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Physics teachers meeting set for March 29-30 at UNG

Sarah Formica
Dr. Sarah Formica, professor of physics and Fuller E. Callaway Professorial Chair at UNG, is hosting the Southern Atlantic Coastal Section (SACS) of the American Association of Physics Teachers (AAPT) from March 29-30 on UNG's Dahlonega Campus.

The University of North Georgia (UNG) will host the spring meeting of the Southern Atlantic Coastal Section (SACS) of the American Association of Physics Teachers (AAPT) from March 29-30.

Set on UNG's Dahlonega Campus, the event is expected to draw between 50 and 70 high school, college and university physics teachers from Georgia and South Carolina.

Emily Smith, a postdoctoral associate from Cornell University, is the keynote speaker for the event. She will speak at 7 p.m. March 29, after the 6 p.m. banquet.

Smith created physics lab experiments that focus on critical thinking, and UNG has incorporated her labs this semester. Conference host Dr. Sarah Formica, professor of physics and Fuller E. Callaway Professorial Chair at UNG, said research has shown critical thinking labs improve students' experimentation skills.

During the conference, concurrent workshops will be held at 8 a.m. March 30 and contributed talks at 9 a.m. March 30, as physics teachers make presentations to their peers.

"The physics faculty at UNG are leaders in innovative teaching and education research. Hosting the meeting at UNG provides a great opportunity for teachers from the region to experience firsthand what our faculty are doing to improve teaching and learning," Formica said. "Hopefully the participants will take away new ideas and methods to try when they get back to their own institutions."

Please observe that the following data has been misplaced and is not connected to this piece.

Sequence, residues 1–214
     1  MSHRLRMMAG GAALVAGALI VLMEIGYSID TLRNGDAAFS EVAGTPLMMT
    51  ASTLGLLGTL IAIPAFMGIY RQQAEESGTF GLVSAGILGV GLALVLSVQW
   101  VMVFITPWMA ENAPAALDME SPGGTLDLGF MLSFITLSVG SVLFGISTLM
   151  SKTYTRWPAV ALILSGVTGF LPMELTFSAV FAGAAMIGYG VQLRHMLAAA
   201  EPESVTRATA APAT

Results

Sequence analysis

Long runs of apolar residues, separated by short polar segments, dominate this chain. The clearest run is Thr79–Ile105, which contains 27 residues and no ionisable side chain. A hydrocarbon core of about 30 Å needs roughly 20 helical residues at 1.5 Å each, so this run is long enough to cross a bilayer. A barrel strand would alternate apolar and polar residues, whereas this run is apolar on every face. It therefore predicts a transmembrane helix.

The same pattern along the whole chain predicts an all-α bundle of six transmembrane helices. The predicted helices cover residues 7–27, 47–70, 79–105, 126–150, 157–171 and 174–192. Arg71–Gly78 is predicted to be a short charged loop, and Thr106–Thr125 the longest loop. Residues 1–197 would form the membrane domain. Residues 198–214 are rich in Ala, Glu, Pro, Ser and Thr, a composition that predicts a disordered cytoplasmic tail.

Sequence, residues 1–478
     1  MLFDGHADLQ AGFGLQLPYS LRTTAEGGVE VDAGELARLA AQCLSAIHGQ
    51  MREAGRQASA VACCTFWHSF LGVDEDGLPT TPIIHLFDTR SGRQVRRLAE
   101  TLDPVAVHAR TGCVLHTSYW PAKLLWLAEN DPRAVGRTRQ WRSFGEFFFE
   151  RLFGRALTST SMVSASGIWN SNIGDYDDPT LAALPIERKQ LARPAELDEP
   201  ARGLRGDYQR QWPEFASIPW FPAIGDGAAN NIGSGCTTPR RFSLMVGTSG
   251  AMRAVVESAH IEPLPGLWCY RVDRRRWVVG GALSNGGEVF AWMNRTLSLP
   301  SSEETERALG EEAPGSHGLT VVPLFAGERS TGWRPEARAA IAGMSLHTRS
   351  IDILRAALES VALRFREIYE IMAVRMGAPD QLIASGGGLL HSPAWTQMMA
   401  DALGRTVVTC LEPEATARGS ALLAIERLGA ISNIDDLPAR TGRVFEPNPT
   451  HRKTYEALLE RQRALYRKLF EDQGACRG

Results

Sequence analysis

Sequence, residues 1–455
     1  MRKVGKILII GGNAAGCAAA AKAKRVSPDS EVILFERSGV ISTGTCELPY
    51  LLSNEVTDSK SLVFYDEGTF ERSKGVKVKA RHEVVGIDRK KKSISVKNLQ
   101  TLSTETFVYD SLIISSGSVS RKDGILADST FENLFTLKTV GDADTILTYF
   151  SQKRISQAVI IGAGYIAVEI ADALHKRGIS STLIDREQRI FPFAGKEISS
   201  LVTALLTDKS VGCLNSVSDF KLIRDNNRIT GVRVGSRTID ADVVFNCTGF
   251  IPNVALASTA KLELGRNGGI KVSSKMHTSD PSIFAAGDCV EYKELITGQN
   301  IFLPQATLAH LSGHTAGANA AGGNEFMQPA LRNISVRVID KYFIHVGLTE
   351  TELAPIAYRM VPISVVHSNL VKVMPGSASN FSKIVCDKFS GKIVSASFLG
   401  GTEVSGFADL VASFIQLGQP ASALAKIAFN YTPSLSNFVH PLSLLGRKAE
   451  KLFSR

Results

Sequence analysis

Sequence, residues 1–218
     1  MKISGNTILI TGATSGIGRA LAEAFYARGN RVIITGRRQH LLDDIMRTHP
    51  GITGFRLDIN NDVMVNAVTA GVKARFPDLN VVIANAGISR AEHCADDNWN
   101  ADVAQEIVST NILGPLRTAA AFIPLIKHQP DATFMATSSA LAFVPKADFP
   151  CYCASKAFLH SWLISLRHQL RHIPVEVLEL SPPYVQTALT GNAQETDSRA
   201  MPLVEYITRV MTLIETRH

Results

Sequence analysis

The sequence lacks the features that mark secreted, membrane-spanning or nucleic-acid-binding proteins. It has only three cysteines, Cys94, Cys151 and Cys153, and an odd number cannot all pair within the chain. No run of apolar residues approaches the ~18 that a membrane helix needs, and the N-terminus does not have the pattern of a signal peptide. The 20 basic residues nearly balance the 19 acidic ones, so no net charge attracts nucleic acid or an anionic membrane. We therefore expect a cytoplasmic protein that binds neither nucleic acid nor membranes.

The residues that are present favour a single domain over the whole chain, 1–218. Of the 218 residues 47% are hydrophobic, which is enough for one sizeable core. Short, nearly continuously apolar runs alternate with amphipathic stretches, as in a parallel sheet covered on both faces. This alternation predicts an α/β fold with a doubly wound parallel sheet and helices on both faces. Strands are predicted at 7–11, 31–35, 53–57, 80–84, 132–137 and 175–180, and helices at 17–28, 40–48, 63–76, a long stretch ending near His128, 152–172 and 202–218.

Dr. JB Sharma, associate department chair of physics and Eminent Scholar at UNG, has been involved with SACS-AAPT for about 30 years. He will present about environmental physics work he and two students have done. Sharma said the organization has a crucial mission.

"Excellence in physics teaching and learning is a very essential part of workforce development in the 21st century," Sharma said.

Dr. David Osmond, assistant professor of teacher education, will present a poster on his laboratory activity about the point in the changing states of matter when an item like a glass or metal changes from being considered a solid to being considered a liquid.

Osmond, who has attended previous SACS-AAPT meetings, said these events help connect UNG faculty to high school teachers and other groups that seek to advance physics education.

A poster session at 10:30 a.m. March 30 will showcase physics research by students. Eight UNG students attended the AAPT fall conference at Clemson University, and Formica expects more to be at UNG's event.

Teachers or faculty members who wish to attend the conference may register at the SACS-AAPT meeting ticket site. Prices range from $20 for Friday only to $50 or $60 for both days. A price list may be found on the SACS-AAPT website.

Amanda Ash, a sophomore pursuing a degree in physics, and Jessica Hamilton, a junior pursuing a degree in physics, will present their research on starspots. Ash, who is from Woodstock, Georgia, said presenting at conferences has helped her skills grow.

"There's so much we've learned that we never would have learned in a classroom," Ash said. "Presenting gives us a good opportunity to get feedback and take our research in directions we wouldn't have thought of. It also gives us a chance to network for grad school."

Hamilton, who lives in Dahlonega, Georgia, said the AAPT event at Clemson in the fall was one of the best she has attended because of the networking opportunities.

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